Factors Associated With Sense of Efficacy Among First Year Teachers in Sarawak
Murshidi, Rahmah (2005) Factors Associated With Sense of Efficacy Among First Year Teachers in Sarawak. PhD thesis, Universiti Putra Malaysia.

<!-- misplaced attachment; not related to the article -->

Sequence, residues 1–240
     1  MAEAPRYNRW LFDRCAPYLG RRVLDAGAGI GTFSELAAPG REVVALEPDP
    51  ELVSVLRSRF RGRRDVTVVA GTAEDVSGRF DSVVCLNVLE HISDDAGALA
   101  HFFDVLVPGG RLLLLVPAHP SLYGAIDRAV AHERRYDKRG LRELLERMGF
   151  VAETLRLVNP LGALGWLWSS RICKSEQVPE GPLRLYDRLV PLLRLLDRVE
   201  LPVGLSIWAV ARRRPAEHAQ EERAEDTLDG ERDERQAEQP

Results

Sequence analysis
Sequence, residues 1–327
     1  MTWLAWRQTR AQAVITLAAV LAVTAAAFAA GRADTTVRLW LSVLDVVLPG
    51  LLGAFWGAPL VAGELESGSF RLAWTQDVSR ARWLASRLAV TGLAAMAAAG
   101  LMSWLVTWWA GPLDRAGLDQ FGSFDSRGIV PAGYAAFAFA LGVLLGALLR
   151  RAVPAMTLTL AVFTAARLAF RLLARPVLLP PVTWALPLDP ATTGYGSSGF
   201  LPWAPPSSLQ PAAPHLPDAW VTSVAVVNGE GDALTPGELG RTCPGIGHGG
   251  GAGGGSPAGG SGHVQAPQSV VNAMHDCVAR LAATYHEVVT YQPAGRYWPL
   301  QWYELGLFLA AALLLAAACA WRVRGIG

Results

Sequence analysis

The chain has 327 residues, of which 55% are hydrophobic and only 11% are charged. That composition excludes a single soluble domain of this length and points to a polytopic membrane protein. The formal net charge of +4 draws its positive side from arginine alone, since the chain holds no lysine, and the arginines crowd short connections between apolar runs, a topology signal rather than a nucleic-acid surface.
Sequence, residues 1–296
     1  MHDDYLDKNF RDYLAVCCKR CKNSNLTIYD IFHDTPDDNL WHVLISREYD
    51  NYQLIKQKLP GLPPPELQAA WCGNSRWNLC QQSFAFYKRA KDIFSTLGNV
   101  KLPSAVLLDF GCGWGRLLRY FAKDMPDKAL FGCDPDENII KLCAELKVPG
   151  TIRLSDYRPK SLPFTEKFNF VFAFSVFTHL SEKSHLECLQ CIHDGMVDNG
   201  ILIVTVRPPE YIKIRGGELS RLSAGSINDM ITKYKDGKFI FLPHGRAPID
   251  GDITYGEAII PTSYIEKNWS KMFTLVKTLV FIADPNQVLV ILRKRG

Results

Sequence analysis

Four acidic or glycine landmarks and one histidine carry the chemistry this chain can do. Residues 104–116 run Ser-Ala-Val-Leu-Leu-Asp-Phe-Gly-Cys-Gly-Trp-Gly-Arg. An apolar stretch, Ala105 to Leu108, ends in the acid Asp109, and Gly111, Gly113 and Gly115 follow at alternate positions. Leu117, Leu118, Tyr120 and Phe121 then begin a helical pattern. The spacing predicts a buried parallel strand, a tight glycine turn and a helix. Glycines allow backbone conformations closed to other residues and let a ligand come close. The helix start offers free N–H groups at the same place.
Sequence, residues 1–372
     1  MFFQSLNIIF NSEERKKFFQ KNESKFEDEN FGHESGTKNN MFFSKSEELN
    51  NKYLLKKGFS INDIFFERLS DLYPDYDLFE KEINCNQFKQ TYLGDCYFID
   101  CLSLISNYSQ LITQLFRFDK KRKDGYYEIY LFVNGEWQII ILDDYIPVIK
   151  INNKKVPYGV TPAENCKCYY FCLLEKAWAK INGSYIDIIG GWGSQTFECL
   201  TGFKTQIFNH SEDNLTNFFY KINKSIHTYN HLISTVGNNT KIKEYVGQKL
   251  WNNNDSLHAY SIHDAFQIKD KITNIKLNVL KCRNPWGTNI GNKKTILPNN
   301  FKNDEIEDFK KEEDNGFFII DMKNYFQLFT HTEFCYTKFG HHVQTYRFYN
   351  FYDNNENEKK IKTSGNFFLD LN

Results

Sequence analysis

This study aimed at examining factors associated with sense of efficacy among first year beginning teachers in Sarawak, Malaysia. Beginning teachers are newly and hlly qualified teachers in their first three years of teaching assignment. The aim of this study was pursued by: (a) examining the correlation between two contextual variables (support system and school climate) and first year teachers' sense of efficacy; (b) investigating the differences in sense of efficacy in relation to selected demographic variables; and (c) identifying the predictors of first year teachers' sense of efficacy from the independent variables. This study employed a combination of both quantitative and qualitative methods. Quantitative method was set to examine the associating factors while as qualitative method was utilised to support and triangulate the association. The quantitative data were gathered by survey method using three instruments: Teacher Sense of Efficacy Scale (Tschannen-Moran & Woolfolk Hoy, 2001), Support System Survey (a selfdesigned instrument) and School Climate Index (Tschannen-Moran & Parish, 2003). Semi-structured interviews were employed to gather qualitative data. The questionnaires were administered to a sample of 328 first year teachers from 45 secondary schools in Sarawak. The subjects of the study were selected by using stratified random sampling according to eight Educational Administrative Divisions in Sarawak and locality of the schools (urban and rural). The interviews were conducted with two Principals, two Administrative Senior Assistants and six first year teachers from three secondary schools. Two schools with the highest efficacy mean score and one school with the lowest mean score were selected from research sample to be the sites to conduct the interviews. The quantitative findings indicated that first year teachers demonstrated a moderate level of teachers' sense of efficacy (M = 6.57, SD = 30; score range from 1 to 9), perceived they were provided with a moderate level of support system (M = 3.32, SD = .57; score range from 1 to 5) and perceived their schools have a moderate positive school climate (M = 3.66, SD = .49; score range from 1 to 5). The correlation was significant and moderately positive between support system and first year teachers' sense of efficacy (r = .40, p < .01) and between school climate and first year teachers' sense of efficacy (r = .3 1, p < .01). Qualitative analyses provided related evidence to support and triangulate the correlation between the variables. There were significant differences in first year teachers' sense of efficacy in relation to types of teacher education (t = -2.35, p < .05), oral English proficiency (F [2, 3251 = 4.30, p < .05) and ethnicity (F [3, 3241 = 3.88, p < .05). There was no significant difference in first year teachers7 sense of efficacy in relation to gender (t = 1.42, p > .05), schools location (t = -.08, p > .05), having teaching experience (t = -1.28, p > .05), age groups (F [3,324] = 35, p > .05), and teaching subject option (F [2,325] = 2.52, p > .05). Two factors from the variable support system (instructional support and institutional support) and one factor from the variable school climate (academic press) were identified as the predictors of teachers7 sense of efficacy (R* = .205, F [3, 3241 = 27.766, p < .001). The implication of the stpdy on the theory and practice of teachers' sense of efficacy was discussed. Suggestions were offered as considerations to enhance and foster senses' of efficacy among the first year teachers.
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